IJ Army Air Service

Nakajima Ki-43-I-Hei “Fubuki” Oscar Fighter

The Nakajima Ki-43 Hayabusa (Peregrine Falcon) Oscar was the standard Japanese Army fighter during WWII. First flying in January 1939, the Ki-43 prototype was an initial disappointment to the Japanese test pilots. They complained that it was not maneuverable enough and not significantly faster than existing types. Development continued through a series of designs until 1940 when a final version was developed. The initial production version began to come off the assembly line in April 1941. Production continued until the end of the war through several upgraded versions. Total production of all versions amounted to 5,919 aircraft. The Ki-43 had the typical faults and virtues of most Japanese aircraft. It was very maneuverable and had a good rate of climb, but it lacked armor protection and self sealing fuel tanks making it very vulnerable to allied fighter planes. In spite of its faults the Ki-43 was a very effective fighter plane particularly in the first years of the war. However, even at the end of the war the Oscar's excellent maneuverability could still give it an advantage over inattentive Allied pilots. Almost all JAAF fighter aces claimed victories with the Hayabusa at some time during their career. The top Hayabusa ace was Sergeant Satoshi Anabuki with 39 confirmed victories, almost all of them scored with the Ki-43. At the very end of the war most Oscars were converted to kamikaze planes. The Ki-43-I-Hei Hayabusa was armed with 2 12.7 mm Ho-103 machineguns. This model shows a Nakajima Ki-43-I-Hei "Fubuki" flying with the 3rd chutai, 50th sentai flown by Sgt Anabuki Satoshi (51 victories) in Burma in 1943.

Nakajima Ki-43 II Oscar Army Fighter

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Kawasaki Ki-48 Lilly Light Bomber

The Kawasaki Ki-48 Lilly light bomber was developed in 1937 for the Imperial Japanese Army as a high speed bomber. The design requirement was prompted by Japanese encounters with the Soviet Tupolev SB-2 light bomber over China. The Ki-48 was produced from 1939 to 1944 under the Army designation Army Type 99 Twin Engined Light Bomber Model 1A with 1,977 built. The Lilly was a typical Japanese design with good maneuverability and speed when introduced but suffering from poor defensive armament and a lack of self sealing fuel tanks and armor. The Lilly served in China from late 1940 and was widely used in the Philippines, Malaya, Burma, New Guinea, the Solomon Islands and the Dutch East Indies. By 1942 the Ki-48 was obsolete, but production continued until 1944 because there really was no replacement available. The Lilly continued in service until the Battle of Okinawa during April 1945, when many were converted into kamikaze aircraft armed with a 1,760 lb. bomb. Armament consisted of a trainable 7.7 mm Type 89 machinegun in the nose, dorsal and ventral positions and a payload of 1,764 lbs. of bombs.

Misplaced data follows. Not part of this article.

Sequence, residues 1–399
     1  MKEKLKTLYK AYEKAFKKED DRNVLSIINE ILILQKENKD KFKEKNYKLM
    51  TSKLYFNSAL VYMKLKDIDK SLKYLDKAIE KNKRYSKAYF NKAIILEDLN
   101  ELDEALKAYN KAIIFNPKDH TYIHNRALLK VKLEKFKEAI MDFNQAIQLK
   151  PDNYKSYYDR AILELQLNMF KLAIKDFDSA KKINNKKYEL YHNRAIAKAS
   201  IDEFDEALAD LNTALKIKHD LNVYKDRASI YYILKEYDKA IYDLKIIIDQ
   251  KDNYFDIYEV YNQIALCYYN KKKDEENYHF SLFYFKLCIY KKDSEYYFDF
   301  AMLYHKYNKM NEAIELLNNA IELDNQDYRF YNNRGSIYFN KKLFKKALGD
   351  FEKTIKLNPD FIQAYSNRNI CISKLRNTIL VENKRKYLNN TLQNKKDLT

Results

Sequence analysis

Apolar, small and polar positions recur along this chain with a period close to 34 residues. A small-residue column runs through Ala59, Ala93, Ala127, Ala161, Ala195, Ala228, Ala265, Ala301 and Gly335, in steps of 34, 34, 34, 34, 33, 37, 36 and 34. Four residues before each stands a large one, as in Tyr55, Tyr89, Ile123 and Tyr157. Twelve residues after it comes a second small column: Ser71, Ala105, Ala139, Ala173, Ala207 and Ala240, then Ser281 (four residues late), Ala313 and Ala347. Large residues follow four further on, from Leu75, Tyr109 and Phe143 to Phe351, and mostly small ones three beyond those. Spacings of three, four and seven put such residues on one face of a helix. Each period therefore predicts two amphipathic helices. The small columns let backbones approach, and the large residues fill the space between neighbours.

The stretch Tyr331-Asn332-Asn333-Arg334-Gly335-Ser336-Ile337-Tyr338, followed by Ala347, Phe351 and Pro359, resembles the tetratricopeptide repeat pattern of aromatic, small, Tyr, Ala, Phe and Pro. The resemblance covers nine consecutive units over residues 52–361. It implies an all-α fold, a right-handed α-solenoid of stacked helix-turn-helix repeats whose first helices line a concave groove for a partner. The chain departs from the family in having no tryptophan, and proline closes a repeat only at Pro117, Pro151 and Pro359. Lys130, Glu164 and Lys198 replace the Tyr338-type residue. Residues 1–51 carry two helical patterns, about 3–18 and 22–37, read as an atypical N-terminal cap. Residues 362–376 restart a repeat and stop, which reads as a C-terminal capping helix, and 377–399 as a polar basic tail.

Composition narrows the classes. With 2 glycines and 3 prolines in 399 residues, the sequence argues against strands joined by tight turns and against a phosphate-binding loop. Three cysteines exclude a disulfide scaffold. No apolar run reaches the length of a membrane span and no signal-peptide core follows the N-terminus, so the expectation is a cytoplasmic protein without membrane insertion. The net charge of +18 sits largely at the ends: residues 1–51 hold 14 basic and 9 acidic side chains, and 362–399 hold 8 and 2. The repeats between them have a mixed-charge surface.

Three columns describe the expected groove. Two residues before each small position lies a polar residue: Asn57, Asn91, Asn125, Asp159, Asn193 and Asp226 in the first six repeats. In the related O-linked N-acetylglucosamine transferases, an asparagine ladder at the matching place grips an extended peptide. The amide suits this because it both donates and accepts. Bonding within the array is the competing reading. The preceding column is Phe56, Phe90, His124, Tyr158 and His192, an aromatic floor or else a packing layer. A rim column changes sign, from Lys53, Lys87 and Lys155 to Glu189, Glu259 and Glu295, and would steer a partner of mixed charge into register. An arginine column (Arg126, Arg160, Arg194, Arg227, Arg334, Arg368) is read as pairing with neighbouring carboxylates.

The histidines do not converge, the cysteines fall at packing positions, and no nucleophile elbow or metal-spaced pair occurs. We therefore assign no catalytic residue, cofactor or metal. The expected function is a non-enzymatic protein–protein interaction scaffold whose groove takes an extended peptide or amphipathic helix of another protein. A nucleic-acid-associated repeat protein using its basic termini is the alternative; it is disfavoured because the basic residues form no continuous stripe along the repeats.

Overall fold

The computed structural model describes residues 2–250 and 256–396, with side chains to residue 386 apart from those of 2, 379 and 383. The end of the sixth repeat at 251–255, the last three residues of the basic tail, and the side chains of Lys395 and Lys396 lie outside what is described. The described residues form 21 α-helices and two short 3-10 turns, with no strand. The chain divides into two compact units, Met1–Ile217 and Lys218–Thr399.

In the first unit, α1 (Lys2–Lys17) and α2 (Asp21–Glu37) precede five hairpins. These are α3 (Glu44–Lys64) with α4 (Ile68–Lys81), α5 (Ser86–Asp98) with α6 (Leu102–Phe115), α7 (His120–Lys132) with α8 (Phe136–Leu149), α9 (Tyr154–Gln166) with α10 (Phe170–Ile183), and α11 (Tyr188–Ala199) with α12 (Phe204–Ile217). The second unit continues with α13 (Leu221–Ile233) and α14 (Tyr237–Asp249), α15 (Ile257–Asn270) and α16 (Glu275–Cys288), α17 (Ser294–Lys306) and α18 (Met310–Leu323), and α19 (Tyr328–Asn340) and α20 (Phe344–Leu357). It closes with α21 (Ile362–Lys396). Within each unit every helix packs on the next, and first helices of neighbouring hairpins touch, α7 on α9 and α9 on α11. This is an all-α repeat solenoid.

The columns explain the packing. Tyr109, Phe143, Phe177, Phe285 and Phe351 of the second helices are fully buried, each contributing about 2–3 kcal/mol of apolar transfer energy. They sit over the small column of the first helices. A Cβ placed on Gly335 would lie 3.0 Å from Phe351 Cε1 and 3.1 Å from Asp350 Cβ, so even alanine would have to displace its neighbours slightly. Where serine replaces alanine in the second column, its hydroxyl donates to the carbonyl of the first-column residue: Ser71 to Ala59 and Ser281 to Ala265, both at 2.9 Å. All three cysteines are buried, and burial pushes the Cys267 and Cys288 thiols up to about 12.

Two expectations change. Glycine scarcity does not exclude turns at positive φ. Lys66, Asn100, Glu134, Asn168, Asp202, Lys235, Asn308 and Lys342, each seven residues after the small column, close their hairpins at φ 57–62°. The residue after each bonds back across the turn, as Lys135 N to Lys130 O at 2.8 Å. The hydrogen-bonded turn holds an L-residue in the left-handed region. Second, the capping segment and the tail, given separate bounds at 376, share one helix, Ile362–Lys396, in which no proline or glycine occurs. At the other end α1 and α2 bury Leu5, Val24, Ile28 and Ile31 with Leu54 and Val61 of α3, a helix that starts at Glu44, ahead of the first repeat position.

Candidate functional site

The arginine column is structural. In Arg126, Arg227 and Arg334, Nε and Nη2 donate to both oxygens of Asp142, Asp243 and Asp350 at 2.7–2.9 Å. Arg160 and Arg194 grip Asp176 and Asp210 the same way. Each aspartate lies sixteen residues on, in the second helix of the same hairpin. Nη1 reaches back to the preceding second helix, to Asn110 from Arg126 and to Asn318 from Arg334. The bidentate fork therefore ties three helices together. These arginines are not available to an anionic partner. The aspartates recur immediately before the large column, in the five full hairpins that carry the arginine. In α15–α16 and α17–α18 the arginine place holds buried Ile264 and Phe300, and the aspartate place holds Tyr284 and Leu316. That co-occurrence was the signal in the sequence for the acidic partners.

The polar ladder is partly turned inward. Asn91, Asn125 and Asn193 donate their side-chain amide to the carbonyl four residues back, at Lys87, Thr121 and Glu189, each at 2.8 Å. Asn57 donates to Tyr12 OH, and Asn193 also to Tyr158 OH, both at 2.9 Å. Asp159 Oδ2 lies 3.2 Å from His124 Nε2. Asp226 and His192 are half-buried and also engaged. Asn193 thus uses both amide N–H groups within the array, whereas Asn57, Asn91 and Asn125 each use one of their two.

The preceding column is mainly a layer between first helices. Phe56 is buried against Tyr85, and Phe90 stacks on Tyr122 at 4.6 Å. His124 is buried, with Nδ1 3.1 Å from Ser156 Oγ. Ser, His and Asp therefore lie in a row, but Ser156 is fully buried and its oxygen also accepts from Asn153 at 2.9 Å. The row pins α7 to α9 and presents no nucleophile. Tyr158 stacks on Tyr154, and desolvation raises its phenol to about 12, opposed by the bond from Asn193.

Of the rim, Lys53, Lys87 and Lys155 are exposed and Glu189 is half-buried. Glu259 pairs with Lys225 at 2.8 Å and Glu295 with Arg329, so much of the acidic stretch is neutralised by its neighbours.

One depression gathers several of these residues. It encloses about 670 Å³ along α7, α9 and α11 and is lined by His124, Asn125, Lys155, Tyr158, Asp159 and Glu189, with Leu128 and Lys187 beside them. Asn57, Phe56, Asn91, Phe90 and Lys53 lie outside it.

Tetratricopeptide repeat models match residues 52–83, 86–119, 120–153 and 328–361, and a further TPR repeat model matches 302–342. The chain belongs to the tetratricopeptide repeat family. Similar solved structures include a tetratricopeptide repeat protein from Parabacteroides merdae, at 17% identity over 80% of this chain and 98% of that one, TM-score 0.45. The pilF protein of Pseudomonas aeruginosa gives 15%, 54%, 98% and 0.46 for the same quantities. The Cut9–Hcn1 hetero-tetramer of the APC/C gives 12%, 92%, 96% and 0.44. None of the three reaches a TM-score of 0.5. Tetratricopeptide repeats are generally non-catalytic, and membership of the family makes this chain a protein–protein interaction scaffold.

Kawasaki Ki-48-I Lily Army Medium Bomber

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Kawasaki Ki-61 Hien Tony Fighter

Design work on the Kawasaki Ki-61 Hien "flying swallow" (Tony) began in late 1939 in response to a request to build a new fighter around the German Daimler-Benz DB 601Aa engine. This is the same engine that powered the ME-109, ME-110, ME-210, HE-100, Macchi C.202 and Reggiane Re.2001. The first prototype flew in December 1941. While the test pilots liked the new plane the senior officers were skeptical. To address this Kawasaki staged a fly off between the Ki-61, the Nakajima Ki-43-I, a Nakajima Ki-44-I, a Soviet LaGG-3, a Messerschmitt ME-109E-3 and a Curtiss P-40 E Warhawk. The Ki-61 proved the fastest of all the aircraft and was inferior to only the Ki-43 in maneuverability. In service the major flaw of the aircraft was the engine. Japanese industry was not up to producing an engine that required the high manufacturing standards of the DB 601. This resulted in serious reliability problems. The Ki-61 looked so different compared to the normal radial engine Japanese fighters that the Allies at first believed it to a German or Italian plane. The Allied code name of Tony was given because the Ki-61 looked like an Italian aircraft. The prototypes flew emergency defense missions during the Doolittle Raid on April 18, 1942. The Ki-61 entered combat for first time in early 1943 during the New Guinea campaign. Reliability problems continued to plague the plane with the 78th squadron losing 18 of its 30 Ki-61s planes on the transit flight to New Guinea. In spite of the problems the Ki-61 proved to be an effective fighter with General George Kenney finding that the Curtiss P-40 was completely outclassed and he urgently requested more P-38 Lightnings to counter the Ki-61. The Ki-61 also fought in Southeast Asia, Okinawa, China and as an interceptor during US bombing raids over the Japanese home islands. As the war went on the Ki-61 became increasingly obsolete abut continued to be used till the end of the war. By the end of the war the Ki-61 was used as a kamikaze plane and in August 1944 as a ramming plane against the B-29 Superfortress. About 3,000 Ki-61s were produced and three still exist. The Ki-61 was armed with two 20 mm Ho-5 cannons and two .50 cal. Ho-103 machineguns. It could carry two 551 lb. bombs. This model shows a Ki-61 flying with the 244th Sentai near Tokyo in late 1945.

Kawasaki Ki-61 Hien Tony Army Fighter

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